Malcolm Marshall bowling in Barbados
© Getty Images

Feature

When Maco came to town

In early 1982, Malcolm Marshall was broken, but a season in Melbourne club cricket was a small step on his way to rattling the world

Russell Jackson |

There's never been a lot to see in suburban Glenroy, 13 kilometres north of the Melbourne CBD. A golf course, a creek, a few rundown shopping strips and streets lined with 1950s clinker-brick houses is about it. One day in October 1982, though, an asteroid crashed into Sewell Reserve in the middle of town. Malcolm Denzil Marshall had landed.

One of the great lost stories of Melbourne club cricket actually began a summer earlier, when local sub-district club Moorabbin acted on a tip-off that several of the touring West Indians were keen on some off-season work. The club pulled off the coup of the summer when captain-coach Michael Moss and lawyer Peter Ewan flew into town during the Adelaide Test in February 1982 and with none other than Viv Richards watching on, signed up a 12-Test-old Marshall in his hotel room.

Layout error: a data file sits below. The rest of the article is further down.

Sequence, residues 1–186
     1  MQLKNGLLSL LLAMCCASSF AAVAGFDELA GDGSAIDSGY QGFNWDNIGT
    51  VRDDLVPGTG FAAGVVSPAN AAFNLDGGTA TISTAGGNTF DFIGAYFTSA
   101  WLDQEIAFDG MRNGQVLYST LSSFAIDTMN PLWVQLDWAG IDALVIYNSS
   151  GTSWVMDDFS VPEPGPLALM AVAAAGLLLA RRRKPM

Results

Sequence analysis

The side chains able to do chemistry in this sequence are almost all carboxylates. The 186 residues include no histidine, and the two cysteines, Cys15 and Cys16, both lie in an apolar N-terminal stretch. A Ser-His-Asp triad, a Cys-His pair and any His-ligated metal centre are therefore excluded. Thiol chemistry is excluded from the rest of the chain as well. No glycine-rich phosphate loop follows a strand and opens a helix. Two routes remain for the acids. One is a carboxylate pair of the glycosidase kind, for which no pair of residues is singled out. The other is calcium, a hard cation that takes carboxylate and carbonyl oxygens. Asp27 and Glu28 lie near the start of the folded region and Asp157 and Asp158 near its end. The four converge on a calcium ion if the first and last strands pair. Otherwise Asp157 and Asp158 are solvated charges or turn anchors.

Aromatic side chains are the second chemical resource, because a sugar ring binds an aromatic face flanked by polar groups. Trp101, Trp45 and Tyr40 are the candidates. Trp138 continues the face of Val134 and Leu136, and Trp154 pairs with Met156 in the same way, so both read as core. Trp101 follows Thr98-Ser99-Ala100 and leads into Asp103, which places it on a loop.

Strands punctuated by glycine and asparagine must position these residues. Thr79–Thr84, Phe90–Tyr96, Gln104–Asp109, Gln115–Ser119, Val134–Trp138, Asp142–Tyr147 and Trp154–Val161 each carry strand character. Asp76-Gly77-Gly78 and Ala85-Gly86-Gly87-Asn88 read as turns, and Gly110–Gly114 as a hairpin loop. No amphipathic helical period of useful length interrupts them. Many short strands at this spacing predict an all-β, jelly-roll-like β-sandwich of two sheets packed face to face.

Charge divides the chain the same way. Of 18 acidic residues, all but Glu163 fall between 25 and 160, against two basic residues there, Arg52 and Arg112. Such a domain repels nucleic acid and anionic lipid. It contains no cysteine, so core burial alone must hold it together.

In 1982, Melbourne club cricket was a vastly different beast. Domestic schedules were not as crammed and there were no junior pathways and centres of excellence. If a teenager had talent he was simply thrown in at the deep end and often set upon by grizzled veterans. Fail with the bat and you might wait two weeks, perhaps longer, for another go. Helmets were an uncommon sight, received with nothing friendlier than curiosity.